Male breast cancer not discussed often, but survivor seeks inclusion

Bret Miller and his mother, Peggy Miller, are hard at work making sure men receive inclusion in the world of breast cancer after Bret went through breast cancer at the age of 24.

While October is designated as Breast Cancer Awareness Month, the third week in October is officially known as Male Breast Cancer Awareness Week. Several states are starting to recognize the week, and for one local Kansas City family, the week is a start, but not the finish line.

Bret Miller noticed a lump in his right breast tissue at the age of 17. He brought it up to the doctor who was giving him a physical for fall sports. Again at the age of 23, Miller brought it up during a routine physical, he said, and the doctor said it was most likely calcium build-up.

“Immediately as a woman, if I feel a lump, it’s not good,” said Bret’s mother, Peggy Miller. “I have three sons and a daughter. I strive to teach them to not overreact, but to make sure.”

Bret had some discharge and thought the lump might be dissipating.

“Breast exams for men are not part of the male physical,” he said. “After another attempt during another physical, I had to stop the doctor. It was seven years from that first detection. I ended up having a sonogram. I didn’t know I was walking into a women’s clinic. The doctor did a triple take and then I had a mammogram.”

Bret said it is physically possible for a man to get breast cancer, something that many men do not realize.

“I ended up having breast cancer,” he said.

By late April 2010, the lump was removed and by mid-May, Bret had a mastectomy as a preventative measure. He also lost four lymph nodes and went through four rounds of chemotherapy. The cancer was stage 1.

“If a being has breast tissue, they can develop breast cancer, plain and simple,” Peggy said. “My son represents the fact that every man needs to know it is possible and what might happen. This is a global issue.”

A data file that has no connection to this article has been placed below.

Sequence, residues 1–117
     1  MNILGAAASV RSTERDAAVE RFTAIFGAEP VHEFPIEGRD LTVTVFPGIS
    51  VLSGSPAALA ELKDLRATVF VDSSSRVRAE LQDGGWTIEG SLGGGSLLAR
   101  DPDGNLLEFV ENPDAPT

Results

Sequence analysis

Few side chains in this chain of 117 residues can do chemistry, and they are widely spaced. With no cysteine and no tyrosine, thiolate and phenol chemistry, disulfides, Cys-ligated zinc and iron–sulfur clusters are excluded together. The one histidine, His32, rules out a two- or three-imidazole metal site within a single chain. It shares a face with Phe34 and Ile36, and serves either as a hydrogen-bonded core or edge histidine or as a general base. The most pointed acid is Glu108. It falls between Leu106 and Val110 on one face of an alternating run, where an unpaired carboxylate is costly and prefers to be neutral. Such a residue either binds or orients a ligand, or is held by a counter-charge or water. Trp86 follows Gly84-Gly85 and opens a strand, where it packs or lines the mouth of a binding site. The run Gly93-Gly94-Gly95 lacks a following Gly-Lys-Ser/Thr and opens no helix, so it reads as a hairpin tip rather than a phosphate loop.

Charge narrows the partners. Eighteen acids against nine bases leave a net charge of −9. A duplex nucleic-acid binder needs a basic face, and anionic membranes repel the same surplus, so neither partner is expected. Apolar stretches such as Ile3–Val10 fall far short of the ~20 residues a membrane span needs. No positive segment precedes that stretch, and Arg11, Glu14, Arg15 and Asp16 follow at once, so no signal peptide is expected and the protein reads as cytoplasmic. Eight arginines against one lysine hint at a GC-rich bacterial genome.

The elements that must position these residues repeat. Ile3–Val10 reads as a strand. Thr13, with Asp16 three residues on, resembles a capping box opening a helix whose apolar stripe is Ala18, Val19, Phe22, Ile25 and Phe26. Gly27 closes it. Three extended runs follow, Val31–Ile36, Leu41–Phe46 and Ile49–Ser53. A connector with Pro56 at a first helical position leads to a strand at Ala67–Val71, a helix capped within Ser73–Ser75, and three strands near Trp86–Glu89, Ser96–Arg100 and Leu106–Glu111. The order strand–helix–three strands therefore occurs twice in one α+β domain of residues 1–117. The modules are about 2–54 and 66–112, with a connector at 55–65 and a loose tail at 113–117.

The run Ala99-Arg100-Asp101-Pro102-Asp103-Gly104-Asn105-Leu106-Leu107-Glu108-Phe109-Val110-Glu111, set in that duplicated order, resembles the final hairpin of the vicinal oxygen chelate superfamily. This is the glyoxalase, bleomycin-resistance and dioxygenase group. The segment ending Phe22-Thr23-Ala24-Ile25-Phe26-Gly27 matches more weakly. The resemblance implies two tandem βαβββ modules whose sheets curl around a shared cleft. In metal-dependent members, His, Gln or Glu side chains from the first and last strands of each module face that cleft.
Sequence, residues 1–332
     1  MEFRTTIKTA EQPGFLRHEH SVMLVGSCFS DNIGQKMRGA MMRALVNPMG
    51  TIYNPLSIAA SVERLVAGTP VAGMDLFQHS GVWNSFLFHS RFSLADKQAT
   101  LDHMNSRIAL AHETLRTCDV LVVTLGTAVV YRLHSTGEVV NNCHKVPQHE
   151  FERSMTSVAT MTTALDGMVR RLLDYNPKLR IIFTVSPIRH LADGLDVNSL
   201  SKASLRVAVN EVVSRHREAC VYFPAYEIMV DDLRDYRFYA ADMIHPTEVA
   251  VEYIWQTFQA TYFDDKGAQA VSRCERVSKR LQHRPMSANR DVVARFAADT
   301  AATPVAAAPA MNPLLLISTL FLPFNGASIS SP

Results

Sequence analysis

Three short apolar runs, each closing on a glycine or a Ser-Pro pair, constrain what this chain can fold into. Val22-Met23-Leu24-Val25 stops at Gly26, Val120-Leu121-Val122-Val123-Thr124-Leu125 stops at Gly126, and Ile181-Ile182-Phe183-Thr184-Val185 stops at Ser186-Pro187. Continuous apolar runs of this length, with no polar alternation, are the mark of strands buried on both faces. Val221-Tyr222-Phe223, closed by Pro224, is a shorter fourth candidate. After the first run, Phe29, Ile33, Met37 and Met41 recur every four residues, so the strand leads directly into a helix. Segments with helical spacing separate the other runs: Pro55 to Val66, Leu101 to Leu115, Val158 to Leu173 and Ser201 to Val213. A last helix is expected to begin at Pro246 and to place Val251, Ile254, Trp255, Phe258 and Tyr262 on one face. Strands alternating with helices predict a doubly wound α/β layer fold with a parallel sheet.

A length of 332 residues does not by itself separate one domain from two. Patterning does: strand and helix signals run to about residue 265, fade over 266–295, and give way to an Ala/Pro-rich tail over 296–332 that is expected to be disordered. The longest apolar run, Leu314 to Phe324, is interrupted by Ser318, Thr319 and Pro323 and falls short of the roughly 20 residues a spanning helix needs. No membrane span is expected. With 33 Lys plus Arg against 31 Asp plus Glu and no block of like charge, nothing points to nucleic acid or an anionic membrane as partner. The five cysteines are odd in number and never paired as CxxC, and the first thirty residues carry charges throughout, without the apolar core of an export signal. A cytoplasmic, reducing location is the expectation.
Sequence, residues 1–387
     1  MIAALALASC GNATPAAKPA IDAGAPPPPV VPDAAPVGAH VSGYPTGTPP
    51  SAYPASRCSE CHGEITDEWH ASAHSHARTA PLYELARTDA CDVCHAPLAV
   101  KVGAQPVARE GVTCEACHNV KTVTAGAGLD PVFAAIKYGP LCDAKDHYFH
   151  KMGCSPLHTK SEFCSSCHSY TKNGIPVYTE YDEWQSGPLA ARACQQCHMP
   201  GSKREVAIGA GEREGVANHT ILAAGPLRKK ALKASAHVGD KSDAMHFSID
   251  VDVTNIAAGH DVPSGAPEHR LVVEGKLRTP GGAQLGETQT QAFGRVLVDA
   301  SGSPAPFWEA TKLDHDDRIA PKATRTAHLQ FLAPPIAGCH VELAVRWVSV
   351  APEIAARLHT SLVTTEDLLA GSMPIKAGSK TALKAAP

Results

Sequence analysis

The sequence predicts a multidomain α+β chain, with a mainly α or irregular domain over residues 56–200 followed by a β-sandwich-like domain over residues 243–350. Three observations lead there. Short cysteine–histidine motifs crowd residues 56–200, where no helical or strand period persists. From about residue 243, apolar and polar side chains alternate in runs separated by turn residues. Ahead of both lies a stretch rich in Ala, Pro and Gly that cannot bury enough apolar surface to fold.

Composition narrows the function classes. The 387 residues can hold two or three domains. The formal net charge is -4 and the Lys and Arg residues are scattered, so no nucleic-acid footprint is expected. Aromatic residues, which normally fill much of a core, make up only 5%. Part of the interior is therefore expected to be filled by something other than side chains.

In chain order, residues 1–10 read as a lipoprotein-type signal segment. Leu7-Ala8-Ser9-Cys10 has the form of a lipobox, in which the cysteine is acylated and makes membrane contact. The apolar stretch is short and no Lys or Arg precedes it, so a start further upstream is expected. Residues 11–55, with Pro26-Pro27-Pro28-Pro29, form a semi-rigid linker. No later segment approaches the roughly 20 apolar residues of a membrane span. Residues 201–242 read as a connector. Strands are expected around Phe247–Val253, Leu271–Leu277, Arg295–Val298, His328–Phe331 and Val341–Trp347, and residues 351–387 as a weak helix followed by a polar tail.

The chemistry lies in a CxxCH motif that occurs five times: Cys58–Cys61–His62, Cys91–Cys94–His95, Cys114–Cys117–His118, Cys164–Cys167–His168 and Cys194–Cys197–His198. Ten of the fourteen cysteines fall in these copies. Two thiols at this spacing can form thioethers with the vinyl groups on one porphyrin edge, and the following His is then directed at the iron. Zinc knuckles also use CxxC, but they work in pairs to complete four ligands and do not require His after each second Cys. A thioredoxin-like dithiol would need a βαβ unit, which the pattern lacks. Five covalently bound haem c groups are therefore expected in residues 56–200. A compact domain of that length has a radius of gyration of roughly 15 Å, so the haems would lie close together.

To help out, the Miller family helps other men and their families when they receive a breast cancer diagnosis. The family runs malebreastcancercoalition.org.

“There’s such a stigma,” Bret said. “Breast cancer is broadcast as a female disease. It is a people disease. I am 10 years out for this process and still only the American Cancer Society recognizes this. Sure, the first time I said it, it’s weird, but I quickly came to terms.”

Peggy said the online group has been a help to many men.

“We don’t want anyone to ever feel alone,” she said.

Bret said one of the most unfortunate things is that men don’t talk about their health and seldom see a doctor.

“This has to change,” he said, “and it’s why I share my story.”

Amy Patel, breast radiologist and medical director of the Women’s Imaging Center at Liberty Hospital was part of a Male Breast Cancer Coalition conference as one of the expert panelists.

“Male breast cancer is rare — 1 in 800 men are diagnosed in their lifetime compared to 1 in 8 women. However, it’s important that men do not ignore breast symptoms when they have them, such as pain or a lump. The majority of symptoms end up being benign, but having an evaluation is important,” she said. “There is still a lot about male breast cancer we do not know and that’s why it’s also important that we continue to push for funding for male breast cancer research so can ensure ... men are receiving the correct recommendations for imaging surveillance as we currently have for women.”

Southeast Editor Kellie Houx can be reached at kellie.houx@mycouriertribune.com or 389-6630.

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